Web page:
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Omero: Update on Sotomayor polling; the gender gap pervades

Topics: Barack Obama , Gallup , gender , Quinnipiac , Supreme Court

Yesterday I posted on some Gallup data on voter reactions to Sotomayor.  Quinnipiac released new data today, and both Gallup and Quinnipiac were nice enough to share party by gender crosstabs.  These data continue to show that women, particularly Republican women, respond strongly to Sotomayor's nomination.

Quinnipiac shows Sotomayor with stronger ratings than Roberts, and a dramatic gender gap

The Gallup poll showed a higher gender gap in support for Sotomayor than for past nominees, although she was overall about as well-received as Roberts.  But according to today's Quinnipiac poll, many more voters approve of Sotomayor (+30 "approve" minus "disapprove") than approved of either Roberts (+17) or Alito (+14) at the time of their nominations.  And women are responsible for the difference.  Sotomayor receives similar ratings from men (+17) as the previous successful nominees (+21 Roberts, +16 Alito).  But women approve of her nomination in much larger numbers (+41) when compared to Roberts (+15) or Alito (+11). 

Both polls show a very large gender gap among Republicans

In the Gallup poll, both Democratic and Republican women are more supportive of Sotomayor than their Democratic counterparts.  The difference is more modest among Democrats (men: +46 "excellent/good pick" minus "only fair/poor" pick; women: +54).  Among Republicans the difference is sizable (men: -44; women: -11).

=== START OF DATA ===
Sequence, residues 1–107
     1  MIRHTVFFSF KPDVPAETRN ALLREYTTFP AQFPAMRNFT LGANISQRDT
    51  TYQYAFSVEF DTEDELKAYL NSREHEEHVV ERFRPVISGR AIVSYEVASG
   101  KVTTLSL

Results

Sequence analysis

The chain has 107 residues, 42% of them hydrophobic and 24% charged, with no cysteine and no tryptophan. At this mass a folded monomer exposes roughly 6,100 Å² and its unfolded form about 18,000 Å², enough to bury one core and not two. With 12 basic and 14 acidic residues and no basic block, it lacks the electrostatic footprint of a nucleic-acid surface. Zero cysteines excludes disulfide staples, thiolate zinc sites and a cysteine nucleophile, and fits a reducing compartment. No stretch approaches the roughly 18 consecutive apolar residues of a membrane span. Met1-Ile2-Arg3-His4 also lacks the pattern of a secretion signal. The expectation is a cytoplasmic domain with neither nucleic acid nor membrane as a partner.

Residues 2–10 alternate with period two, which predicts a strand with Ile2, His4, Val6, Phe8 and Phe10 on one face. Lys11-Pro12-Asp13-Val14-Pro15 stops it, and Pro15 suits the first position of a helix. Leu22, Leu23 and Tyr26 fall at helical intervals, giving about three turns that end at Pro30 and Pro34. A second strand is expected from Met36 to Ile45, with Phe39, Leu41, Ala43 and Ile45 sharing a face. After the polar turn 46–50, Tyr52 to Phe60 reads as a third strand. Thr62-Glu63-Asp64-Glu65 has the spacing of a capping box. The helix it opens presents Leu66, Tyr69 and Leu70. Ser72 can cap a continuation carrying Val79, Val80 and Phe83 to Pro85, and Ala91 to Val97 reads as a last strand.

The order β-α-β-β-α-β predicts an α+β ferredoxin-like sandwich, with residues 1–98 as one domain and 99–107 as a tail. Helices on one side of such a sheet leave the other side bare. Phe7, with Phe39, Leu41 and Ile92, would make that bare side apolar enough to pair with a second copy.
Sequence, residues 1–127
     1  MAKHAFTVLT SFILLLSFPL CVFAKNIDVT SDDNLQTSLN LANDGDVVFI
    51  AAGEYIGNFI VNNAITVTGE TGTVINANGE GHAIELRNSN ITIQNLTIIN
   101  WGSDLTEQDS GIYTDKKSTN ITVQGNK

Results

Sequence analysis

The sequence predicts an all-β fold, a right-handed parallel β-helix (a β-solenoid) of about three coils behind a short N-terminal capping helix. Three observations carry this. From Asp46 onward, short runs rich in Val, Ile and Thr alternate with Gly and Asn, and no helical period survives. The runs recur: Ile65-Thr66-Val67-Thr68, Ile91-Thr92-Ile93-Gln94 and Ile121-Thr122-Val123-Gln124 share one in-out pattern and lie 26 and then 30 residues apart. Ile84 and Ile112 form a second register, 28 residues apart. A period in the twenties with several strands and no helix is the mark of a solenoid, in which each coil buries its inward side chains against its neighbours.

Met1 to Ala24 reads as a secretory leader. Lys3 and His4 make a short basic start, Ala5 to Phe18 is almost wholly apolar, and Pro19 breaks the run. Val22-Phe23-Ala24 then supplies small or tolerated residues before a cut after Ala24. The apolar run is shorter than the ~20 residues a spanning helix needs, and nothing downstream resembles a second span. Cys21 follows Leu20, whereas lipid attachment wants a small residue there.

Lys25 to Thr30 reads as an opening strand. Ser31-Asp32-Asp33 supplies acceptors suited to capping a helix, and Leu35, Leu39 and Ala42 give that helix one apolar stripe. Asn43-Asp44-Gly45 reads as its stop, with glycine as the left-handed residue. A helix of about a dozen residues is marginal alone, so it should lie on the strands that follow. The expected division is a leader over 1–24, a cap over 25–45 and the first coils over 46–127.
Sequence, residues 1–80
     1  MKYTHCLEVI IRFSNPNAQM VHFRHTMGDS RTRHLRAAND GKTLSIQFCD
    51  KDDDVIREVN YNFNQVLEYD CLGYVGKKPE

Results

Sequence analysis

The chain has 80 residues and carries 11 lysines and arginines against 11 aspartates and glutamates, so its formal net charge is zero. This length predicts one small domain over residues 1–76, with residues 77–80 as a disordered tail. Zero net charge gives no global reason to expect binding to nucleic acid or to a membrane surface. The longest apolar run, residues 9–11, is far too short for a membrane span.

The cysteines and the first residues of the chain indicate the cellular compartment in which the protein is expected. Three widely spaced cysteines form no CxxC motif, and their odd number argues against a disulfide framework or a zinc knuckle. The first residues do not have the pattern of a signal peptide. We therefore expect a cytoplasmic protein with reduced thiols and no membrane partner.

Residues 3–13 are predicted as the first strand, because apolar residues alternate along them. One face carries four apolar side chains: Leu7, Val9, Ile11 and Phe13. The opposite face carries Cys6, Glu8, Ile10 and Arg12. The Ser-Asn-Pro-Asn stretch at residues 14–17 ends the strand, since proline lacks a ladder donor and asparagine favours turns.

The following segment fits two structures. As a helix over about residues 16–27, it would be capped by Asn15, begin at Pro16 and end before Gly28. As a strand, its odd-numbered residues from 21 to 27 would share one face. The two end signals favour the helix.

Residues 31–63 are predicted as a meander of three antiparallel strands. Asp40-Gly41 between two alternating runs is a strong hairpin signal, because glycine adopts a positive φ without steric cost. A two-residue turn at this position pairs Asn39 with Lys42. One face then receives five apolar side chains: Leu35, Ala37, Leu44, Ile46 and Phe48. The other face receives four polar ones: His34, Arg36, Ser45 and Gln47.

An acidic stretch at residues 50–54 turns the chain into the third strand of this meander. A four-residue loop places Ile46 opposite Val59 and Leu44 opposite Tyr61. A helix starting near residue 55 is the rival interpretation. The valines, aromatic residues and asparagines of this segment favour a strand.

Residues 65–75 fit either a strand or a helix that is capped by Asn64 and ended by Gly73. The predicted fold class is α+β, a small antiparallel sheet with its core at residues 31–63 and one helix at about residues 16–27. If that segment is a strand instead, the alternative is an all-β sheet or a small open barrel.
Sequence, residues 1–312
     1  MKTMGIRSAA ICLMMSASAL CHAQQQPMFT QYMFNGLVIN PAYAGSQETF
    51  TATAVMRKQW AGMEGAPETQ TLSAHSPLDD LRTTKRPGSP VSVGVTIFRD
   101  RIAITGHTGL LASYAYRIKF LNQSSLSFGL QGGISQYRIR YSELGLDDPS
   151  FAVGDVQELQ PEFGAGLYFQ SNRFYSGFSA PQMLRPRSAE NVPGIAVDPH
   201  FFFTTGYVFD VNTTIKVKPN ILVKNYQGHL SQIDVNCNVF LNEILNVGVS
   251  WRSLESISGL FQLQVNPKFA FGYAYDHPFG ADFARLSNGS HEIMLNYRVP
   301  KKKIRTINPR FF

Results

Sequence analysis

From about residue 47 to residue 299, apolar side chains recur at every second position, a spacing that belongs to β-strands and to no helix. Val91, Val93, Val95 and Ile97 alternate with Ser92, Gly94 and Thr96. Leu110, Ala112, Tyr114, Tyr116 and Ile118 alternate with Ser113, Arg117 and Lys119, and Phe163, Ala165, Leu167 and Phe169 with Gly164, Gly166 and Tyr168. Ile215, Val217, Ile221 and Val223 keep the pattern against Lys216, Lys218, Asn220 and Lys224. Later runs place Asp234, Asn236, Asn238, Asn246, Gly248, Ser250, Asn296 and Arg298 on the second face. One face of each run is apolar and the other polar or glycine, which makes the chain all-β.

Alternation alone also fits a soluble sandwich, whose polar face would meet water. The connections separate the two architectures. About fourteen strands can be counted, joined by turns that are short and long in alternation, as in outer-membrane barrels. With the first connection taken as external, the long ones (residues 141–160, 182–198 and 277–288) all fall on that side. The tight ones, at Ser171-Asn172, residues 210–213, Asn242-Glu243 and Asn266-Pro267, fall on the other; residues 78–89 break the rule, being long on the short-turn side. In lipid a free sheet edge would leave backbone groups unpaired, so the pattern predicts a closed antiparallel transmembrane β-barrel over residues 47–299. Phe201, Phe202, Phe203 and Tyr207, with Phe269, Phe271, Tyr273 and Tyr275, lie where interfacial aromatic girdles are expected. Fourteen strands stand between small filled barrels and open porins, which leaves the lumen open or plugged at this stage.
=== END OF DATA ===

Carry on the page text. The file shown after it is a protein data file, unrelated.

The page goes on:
The Quinnipiac poll is consistent.  There is no difference in the ratings of Democratic men (+74 "approve" minus "disapprove") and Democratic women (+76).  But Republican women are almost evenly divided on Sotomayor's nomination (-9), while Republican men are more decidedly disapproving (-39).

Republican strategy?

There is much public discussion of Republicans' internal strategy (or lack thereof) when it comes to Sotomayor and race.  On the one hand, Republicans rightly worry about their lack of appeal to Hispanic voters, particularly when dealing with an obviously qualified candidate.  On the other, well, there's Congressman Tancredo (among others).  But add this to the list of growing Republican concerns:  Do Republicans really want to antagonize the first Supreme Court nominee in a while to galvanize women?  Before you answer, note the latest outrageously tone-deaf sexist attack.

UPDATE: Below is a table of the party by gender crosstabs provided by Quinnipiac & Gallup.


Sotomayor2.png

 

Comments
sfcpoll:

The gender gap diappears:
Gallup's new poll http://tinyurl.com/onk83u on whether senators should vote in favor of her finds no gender gap--55% of men favor senators voting for her, 52% of women. They note that Gallup's data last week were based on a one-night poll, possibly casting aspersion on those results.

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